Congestion costs: a Mumbai case study | Opinion – analysis
Mumbai, Bangalore, Pune and New Delhi are among the 10 most congested cities in the world, according to the recently published TomTom Traffic Index of 2019. This will not come as a surprise to anyone living or visiting these cities. People in these cities pay higher fuel costs, inhale toxic gases and cannot efficiently manage their time. There are also broader economic consequences. An IDFC Institute study reveals the consequences of congestion for Mumbai and how to address them.
The average resident of Mumbai wastes 11 days a year stuck in traffic. That is a significant loss of productivity in a megacity that represents approximately 17% of Maharashtra’s gross domestic product (GDP). With more than 700,000 people entering Mumbai to work every day, it is, in the words of urban planner Alain Bertaud, a labor market, as are all cities. In a city that works well, companies can optimize the costs of finding employees and transporting goods and services to their consumers. People, in turn, can find work that matches their skills and are more likely to change jobs for convenience or for better opportunities. Being able to move quickly through the city is key to ensuring that these markets are dynamic and run smoothly. However, congestion has reduced such mobility in Mumbai, resulting in inefficient labor markets and serious economic and environmental consequences.
To measure and analyze the impact of such congestion, we use publicly available Uber Movement data points from 2016 to 2018. The average journey on the critical Mumbai routes is more than one hour. That’s twice the averages of Hong Kong, Singapore and New York. Car speeds also differ substantially depending on the direction in which a person is traveling. For example, residents can drive twice as fast when starting from the south (Marine Drive) compared to east of Mumbai (Chembur) when traveling to their jobs in the Bandra Kurla (BKC) complex
The extra time stuck in traffic that travels between residential areas in northern Mumbai, such as Borivali, and some of the city’s central business districts, such as Lower Parel, impose economic costs of more than 350 rupees per day per person. In particular, blocked roads are causing travelers to lose more than 100 rupees in wages and spend an additional 250 rupees on fuel every day. These high individual costs impair the city’s productivity, as residents of northern Mumbai will probably not seek long-term work in the south, even if it matches their skill set. As a result, companies in these commercial districts cannot access the most suitable candidates to employ and vice versa.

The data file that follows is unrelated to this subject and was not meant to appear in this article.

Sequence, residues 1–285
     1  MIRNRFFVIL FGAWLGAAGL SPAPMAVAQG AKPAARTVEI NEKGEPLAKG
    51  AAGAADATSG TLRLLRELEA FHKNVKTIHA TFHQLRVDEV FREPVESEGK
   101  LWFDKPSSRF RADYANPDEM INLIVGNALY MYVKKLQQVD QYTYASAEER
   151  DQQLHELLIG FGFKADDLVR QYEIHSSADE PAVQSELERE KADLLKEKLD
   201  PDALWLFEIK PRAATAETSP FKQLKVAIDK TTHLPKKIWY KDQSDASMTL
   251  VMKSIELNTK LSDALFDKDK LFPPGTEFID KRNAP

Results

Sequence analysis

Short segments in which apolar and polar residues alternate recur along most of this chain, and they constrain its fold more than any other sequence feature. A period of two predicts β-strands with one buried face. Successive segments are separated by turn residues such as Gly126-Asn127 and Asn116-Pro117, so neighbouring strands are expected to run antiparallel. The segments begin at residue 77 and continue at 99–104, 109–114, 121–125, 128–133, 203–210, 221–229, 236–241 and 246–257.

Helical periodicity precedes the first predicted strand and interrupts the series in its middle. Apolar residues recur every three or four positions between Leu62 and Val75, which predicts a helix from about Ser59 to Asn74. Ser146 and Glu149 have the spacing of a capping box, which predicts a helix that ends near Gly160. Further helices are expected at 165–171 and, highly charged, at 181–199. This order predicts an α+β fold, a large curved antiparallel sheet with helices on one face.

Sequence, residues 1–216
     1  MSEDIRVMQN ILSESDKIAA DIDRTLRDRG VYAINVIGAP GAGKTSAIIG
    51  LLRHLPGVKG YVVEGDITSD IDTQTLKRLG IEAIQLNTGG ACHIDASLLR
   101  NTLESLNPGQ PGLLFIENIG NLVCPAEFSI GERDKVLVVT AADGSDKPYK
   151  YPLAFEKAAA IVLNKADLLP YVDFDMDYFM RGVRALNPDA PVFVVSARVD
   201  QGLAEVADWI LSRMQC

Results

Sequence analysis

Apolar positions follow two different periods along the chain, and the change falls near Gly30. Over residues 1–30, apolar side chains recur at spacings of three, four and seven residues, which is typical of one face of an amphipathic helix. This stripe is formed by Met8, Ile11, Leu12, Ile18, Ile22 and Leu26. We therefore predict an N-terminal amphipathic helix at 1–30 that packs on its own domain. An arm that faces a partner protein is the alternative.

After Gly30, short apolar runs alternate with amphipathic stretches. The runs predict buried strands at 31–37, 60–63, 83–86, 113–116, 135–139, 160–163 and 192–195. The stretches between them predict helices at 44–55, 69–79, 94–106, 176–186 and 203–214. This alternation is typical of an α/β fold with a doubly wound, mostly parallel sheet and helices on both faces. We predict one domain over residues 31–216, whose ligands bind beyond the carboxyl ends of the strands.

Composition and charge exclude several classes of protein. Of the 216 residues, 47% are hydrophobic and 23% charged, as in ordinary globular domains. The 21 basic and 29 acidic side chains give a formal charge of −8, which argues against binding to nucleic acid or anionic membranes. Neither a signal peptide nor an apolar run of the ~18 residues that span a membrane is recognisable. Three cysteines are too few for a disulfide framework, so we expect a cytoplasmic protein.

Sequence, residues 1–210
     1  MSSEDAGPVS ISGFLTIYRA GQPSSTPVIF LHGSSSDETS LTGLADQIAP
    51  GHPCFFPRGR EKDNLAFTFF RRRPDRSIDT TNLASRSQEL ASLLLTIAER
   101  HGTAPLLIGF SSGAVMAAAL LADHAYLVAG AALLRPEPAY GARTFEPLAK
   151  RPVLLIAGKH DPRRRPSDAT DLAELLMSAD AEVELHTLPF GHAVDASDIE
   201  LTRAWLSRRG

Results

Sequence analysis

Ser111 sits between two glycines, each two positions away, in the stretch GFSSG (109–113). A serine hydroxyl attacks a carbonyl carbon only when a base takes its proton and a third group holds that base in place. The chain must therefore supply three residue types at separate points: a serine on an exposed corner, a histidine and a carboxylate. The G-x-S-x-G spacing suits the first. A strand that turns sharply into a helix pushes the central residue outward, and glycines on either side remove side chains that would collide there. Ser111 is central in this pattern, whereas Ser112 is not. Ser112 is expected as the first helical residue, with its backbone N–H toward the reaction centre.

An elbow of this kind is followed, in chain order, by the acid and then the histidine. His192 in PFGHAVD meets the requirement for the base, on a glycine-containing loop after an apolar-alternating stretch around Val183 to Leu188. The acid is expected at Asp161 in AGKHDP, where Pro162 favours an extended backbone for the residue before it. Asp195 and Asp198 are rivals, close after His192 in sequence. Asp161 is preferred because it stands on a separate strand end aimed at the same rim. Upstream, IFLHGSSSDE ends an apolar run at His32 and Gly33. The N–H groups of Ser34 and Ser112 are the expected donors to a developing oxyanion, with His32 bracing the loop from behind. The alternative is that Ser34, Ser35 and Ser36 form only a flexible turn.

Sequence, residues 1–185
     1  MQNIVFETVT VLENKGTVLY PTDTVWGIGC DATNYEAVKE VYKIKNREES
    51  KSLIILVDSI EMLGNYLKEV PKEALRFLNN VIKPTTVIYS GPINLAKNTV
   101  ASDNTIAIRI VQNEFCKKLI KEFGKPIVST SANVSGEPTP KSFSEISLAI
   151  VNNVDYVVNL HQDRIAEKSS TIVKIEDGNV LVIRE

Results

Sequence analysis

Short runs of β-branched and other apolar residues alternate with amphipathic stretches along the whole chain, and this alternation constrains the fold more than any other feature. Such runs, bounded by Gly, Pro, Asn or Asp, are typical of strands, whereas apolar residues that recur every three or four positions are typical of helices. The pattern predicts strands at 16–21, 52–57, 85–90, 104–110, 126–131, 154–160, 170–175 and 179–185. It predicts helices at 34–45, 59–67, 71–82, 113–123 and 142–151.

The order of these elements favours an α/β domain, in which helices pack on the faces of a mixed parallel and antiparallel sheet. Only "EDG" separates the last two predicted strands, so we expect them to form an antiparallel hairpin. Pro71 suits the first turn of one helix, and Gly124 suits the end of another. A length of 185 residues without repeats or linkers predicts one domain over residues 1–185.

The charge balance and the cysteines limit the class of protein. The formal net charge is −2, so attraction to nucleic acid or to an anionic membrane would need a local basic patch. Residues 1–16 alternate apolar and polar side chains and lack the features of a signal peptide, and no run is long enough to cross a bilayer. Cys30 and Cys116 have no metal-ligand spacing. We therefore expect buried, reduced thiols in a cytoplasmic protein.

While people bear the economic costs of congestion, these displacements impose heavy burdens on the city’s environment. It has been previously estimated that it costs Indian cities $ 0.086 per kilogram of carbon dioxide emitted. Using this figure, we found that trips made in Mumbai generally cost between Rs 6 and Rs 60 in additional carbon dioxide emissions. In addition, longer distances do not always mean higher emissions in the city. For example, the 14 km trip between Borivali and Andheri East costs Rs 22 for additional emissions, compared to the 27 km trip between Marine Drive and Andheri East which costs only Rs 6. Mumbai is already the fourth most polluted megacity in the world . New Delhi is currently in first place. If not addressed, Mumbai’s air quality will worsen and become a serious public health problem.
The strangulation points along the main Mumbai routes are the ones that contribute most to the high congestion costs. For example, drivers suffer speeds of less than 10 km per hour when entering and leaving major commercial districts such as Lower Parel and BKC. The driving speed on the side lanes has decreased significantly with travelers facing speeds of less than 8 km per hour on certain roads. Most worrisome is that new throttle points have emerged between 2016 and 2018. For example, driving between Kandivali and Borivali was relatively fast in 2016, with average speeds of about 40 km per hour, compared to 2018, when this figure almost It was cut in half at 23 km per hour. . While the construction of the Mumbai metro system has played a role in increasing congestion, the data shows that these new critical points emerged before work began.
Eradicating strangulation points should be the government’s first step to improve ease of movement. This can be achieved by carrying out granular interventions, as well as pilots of the Intelligent Traffic Management System (ITMS) in these bottlenecks. ITMS plans to modernize radar-operated traffic signals and CCTV cameras in Mumbai. By choosing to install the first batch of smart traffic lights in the identified bottlenecks, the government will maximize the impact of the system on Mumbai’s traffic flow, reduce congestion and increase the city’s economic productivity. Mumbai’s contribution to state GDP would be even greater if the negative impacts of congestion were eliminated. Therefore, to boost growth, the government must prioritize addressing the Mumbai traffic problem. In doing so, it will catalyze the financial capital of India to reach its economic potential.
Harsh Vardhan Pachisia is an associate and Kadambari Shah is a senior associate at the IDFC Institute
The opinions expressed are personal.